We’ve reached verse 7, the second last verse, in this verse by verse study of Psalm 3 drawing on the catechesis of Pope Benedict XVI, and its one of those good old-fashioned smiting verses that give modern readers so much trouble. Accordingly, it is worth looking at how to interpret it properly.
Psalm 3 so far...
Here is the psalm so far, with today’s verse highlighted:
Dómine quid multiplicáti sunt qui tríbulant me? * multi insúrgunt advérsum me.
Multi dicunt ánimæ meæ: * Non est salus ipsi in Deo ejus.
Tu autem, Dómine, suscéptor meus es, * glória mea, et exáltans caput meum.
Voce mea ad Dóminum clamávi: * et exaudívit me de monte sancto suo.
Ego dormívi, et soporátus sum: * et exsurréxi, quia Dóminus suscépit me.
Non timébo míllia pópuli circumdántis me: * exsúrge, Dómine, salvum me fac, Deus meus.
Quóniam tu percussísti omnes adversántes mihi sine causa: * dentes peccatórum contrivísti.
For thou hast struck all them who are my adversaries without cause: thou hast broken the teeth of sinners.
The first point to note is that Pope Benedict XVI, in his catechesis on the psalm, does not back away from the strong message this verse sends to those who oppose Christ and those who stand for him and do his work:
“The enemy’s visible, massive, impressive attack is countered by the invisible presence of God with all his invincible power. And it is to him that the Psalmist, after his trusting words, once again addresses the prayer: “Arise, O Lord! Deliver me, O my God!”. His assailants “are rising” (cf. v. 2) against their victim; instead the One who will “arise” is the Lord and it will be to defeat them. God will deliver him, answering his cry. Thus the Psalm ends with the vision of liberation from the peril that kills, and from the temptation that can cause us to perish. After addressing his plea to the Lord to arise and deliver him, the praying person describes the divine victory: the enemies — who with their unjust and cruel oppression are the symbol of all that opposes God and his plan of salvation — are defeated. Struck on the mouth, they will no longer attack with their destructive violence and will be unable to instil evil and doubt in God’s presence and action. Their senseless and blasphemous talk is denied once and for all and is reduced to silence by the Lord's saving intervention.”
Let’s look at the text in more detail, then come back to its message.
Verse 7 phrase by phrase
Quóniam tu percussísti =for you have smitten/struck/slayed
omnes adversántes mihi = all opposing/resisting to me without cause = all who were resisting me/my enemies/adversaries
sine causa = without cause/reason (relates back to the adversantes)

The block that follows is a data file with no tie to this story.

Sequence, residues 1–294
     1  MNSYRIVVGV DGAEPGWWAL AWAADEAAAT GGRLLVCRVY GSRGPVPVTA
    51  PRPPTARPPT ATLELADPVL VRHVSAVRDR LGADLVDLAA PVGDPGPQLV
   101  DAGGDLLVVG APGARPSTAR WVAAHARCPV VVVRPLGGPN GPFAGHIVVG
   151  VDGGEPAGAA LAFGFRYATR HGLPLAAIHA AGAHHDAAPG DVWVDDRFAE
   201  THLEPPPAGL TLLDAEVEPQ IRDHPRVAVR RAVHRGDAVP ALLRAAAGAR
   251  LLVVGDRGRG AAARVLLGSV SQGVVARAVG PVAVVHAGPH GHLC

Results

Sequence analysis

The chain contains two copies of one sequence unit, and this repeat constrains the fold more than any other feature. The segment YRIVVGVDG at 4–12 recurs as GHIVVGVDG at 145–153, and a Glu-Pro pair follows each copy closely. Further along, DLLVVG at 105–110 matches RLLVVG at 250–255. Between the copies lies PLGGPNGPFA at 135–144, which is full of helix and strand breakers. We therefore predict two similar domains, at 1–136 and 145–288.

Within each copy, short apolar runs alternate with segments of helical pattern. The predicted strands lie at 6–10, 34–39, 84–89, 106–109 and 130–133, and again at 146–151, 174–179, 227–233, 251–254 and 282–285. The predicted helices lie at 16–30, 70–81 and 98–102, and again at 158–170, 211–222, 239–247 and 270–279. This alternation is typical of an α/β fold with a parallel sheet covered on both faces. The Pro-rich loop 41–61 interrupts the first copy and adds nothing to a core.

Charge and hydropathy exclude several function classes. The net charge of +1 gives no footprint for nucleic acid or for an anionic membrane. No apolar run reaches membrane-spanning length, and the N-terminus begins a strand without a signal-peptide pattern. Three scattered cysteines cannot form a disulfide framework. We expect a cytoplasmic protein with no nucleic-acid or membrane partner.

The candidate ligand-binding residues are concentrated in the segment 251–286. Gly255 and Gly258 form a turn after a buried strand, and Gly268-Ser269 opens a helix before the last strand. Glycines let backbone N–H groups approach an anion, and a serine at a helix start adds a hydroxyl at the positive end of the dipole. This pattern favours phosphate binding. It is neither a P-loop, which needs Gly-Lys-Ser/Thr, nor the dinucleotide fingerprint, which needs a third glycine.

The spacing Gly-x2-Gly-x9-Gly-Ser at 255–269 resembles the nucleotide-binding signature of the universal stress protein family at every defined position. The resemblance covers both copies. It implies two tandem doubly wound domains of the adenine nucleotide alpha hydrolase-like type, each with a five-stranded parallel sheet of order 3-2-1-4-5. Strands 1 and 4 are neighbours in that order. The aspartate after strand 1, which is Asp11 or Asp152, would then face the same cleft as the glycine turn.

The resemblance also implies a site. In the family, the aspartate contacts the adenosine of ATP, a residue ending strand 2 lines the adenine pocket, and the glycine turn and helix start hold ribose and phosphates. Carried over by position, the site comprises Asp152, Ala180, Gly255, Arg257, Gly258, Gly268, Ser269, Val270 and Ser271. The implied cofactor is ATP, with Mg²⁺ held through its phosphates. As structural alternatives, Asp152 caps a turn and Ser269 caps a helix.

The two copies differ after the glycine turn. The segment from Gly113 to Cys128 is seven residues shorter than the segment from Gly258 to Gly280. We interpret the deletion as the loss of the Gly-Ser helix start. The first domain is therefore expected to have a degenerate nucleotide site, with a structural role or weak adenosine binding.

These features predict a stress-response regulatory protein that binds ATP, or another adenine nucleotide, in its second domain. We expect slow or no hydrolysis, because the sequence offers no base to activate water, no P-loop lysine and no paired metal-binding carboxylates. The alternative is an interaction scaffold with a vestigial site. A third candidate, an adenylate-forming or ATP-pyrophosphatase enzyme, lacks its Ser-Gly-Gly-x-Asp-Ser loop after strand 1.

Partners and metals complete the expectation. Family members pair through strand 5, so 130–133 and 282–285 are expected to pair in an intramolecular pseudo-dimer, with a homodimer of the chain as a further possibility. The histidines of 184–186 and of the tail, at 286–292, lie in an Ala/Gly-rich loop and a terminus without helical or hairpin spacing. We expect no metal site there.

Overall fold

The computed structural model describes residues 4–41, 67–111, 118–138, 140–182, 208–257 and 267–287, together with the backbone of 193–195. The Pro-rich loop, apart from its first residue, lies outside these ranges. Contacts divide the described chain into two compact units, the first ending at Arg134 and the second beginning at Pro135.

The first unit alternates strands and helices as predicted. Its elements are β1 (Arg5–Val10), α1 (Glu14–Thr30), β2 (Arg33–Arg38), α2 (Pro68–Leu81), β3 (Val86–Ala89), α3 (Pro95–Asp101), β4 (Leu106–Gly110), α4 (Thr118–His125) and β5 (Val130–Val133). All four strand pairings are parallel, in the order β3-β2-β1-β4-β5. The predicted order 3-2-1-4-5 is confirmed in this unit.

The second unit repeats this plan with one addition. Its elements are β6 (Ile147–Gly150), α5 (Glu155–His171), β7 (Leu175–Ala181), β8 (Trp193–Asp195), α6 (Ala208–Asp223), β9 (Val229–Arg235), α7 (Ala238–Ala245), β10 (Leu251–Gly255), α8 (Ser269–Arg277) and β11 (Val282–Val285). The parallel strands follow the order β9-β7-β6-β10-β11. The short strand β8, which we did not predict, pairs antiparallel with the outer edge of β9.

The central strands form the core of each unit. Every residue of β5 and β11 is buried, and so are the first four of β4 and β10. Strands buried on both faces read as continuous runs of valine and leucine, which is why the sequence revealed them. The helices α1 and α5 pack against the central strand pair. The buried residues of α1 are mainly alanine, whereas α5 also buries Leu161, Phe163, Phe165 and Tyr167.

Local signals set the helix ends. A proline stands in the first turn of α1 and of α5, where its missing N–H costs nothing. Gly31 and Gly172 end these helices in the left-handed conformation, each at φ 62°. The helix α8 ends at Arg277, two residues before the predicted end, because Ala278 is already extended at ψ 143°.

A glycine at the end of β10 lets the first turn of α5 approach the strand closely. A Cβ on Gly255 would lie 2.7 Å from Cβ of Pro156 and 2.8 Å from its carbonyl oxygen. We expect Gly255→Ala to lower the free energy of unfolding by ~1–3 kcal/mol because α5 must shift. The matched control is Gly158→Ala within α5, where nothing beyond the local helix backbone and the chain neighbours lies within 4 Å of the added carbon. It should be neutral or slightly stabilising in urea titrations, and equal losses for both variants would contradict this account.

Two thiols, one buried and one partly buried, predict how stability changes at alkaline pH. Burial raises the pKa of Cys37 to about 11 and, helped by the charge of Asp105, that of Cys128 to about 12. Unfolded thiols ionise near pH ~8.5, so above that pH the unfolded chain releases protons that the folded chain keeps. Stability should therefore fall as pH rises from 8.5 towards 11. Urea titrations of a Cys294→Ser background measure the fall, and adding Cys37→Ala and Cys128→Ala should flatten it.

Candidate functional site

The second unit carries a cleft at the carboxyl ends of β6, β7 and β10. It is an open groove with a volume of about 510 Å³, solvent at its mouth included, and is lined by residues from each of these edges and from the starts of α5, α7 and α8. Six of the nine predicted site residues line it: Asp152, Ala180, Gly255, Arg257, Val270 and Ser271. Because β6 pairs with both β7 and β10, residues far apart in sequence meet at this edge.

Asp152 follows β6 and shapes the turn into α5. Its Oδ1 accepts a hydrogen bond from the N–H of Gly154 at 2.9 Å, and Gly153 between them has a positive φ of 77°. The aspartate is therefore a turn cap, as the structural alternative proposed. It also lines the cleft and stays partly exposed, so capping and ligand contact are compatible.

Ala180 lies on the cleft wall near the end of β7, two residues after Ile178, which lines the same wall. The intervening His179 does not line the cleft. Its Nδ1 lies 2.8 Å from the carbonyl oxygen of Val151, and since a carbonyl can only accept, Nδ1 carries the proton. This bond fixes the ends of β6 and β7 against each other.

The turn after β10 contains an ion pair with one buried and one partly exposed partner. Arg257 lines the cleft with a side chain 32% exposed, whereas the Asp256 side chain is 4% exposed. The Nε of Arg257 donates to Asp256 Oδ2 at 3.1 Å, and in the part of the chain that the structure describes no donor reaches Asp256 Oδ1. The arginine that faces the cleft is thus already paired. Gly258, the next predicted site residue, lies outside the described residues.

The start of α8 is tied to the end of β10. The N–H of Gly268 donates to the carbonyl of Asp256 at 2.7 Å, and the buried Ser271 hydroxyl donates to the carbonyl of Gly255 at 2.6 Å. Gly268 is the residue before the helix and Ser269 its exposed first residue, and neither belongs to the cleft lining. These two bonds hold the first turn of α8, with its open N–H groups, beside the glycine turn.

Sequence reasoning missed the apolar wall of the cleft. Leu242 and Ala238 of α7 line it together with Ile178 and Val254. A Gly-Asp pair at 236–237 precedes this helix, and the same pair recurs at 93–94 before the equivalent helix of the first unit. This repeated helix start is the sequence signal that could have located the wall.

dentes peccatórum = the teeth of sinners Note that the neo-Vulgate changes the teeth to the jaw (maxilla), following the Hebrew Masoretic Text.
contrivísti = you have broken
God smites the enemy
Psalm 3 is one of those psalms that anthropomorphizes and uses vivid imagery that the modern ear may find uncomfortable. But there is a real message for us here that the stark language is meant to make us notice. We can take it as read that this is poetry – it isn’t meant to be taken too literally. We can interpret images like ‘break the teeth’ as meaning ‘render harmless’, or as St Thomas Aquinas puts it, ‘you have rendered their lying words ineffectual’ for example. And in fact, the Vulgate actually softens the Hebrew to some degree.
Still, in this verse God engages in a bit of smiting, striking down the psalmist’s enemies, and breaking their teeth, giving us a vivid imagery of a bar brawl or similar. This isn’t exactly how we tend to think of God acting these days, or encouraging us to act on his behalf! Yet the Fathers and Theologians consistently read this verse as a reminder that error – whether in the form of heresy, paganism or atheism – should not be tolerated, but taken head on. Yes, it will cause enemies to rise up against us and attack. But just as Our Lord wasn’t backward about using strong words to correct the errors prevalent in his day, and those who propagated them, neither should we, for God will protect and sustain us.
quoniam, conj., for, because, since, seeing that, whereas.
percuto, cussi, cussum, ere 3 to smite, strike; to kill, slay
omnis, e, all, each, every; subst., all men, all things, everything
adversor, atus sum, ari to oppose, resist, withstand, to be ill-disposed towards any one.
causa, ae, cause, reason; sine causa, without cause, without good reason, unjustly; in vain, to no purpose.
dens, dentis, m. a tooth
peccator, oris, m. a sinner, transgressor; the wicked, the godless.
contero, trivi, Itum, ere 3, to break, crush, destroy
And now for the last part of this series on Psalm 3.